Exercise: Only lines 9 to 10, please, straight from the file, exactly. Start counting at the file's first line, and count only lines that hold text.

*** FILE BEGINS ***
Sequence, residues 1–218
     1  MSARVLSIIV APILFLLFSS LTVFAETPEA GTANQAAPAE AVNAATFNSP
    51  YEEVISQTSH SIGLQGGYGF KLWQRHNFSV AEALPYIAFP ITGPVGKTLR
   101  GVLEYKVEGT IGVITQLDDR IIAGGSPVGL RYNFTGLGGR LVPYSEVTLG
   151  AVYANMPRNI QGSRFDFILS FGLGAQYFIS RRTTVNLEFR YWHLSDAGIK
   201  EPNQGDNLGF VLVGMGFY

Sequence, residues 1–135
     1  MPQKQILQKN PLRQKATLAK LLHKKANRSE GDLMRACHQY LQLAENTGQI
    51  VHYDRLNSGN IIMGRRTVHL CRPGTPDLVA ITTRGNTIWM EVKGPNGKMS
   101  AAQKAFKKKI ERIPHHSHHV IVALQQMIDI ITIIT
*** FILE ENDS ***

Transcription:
    51  VHYDRLNSGN IIMGRRTVHL CRPGTPDLVA ITTRGNTIWM EVKGPNGKMS
   101  AAQKAFKKKI ERIPHHSHHV IVALQQMIDI ITIIT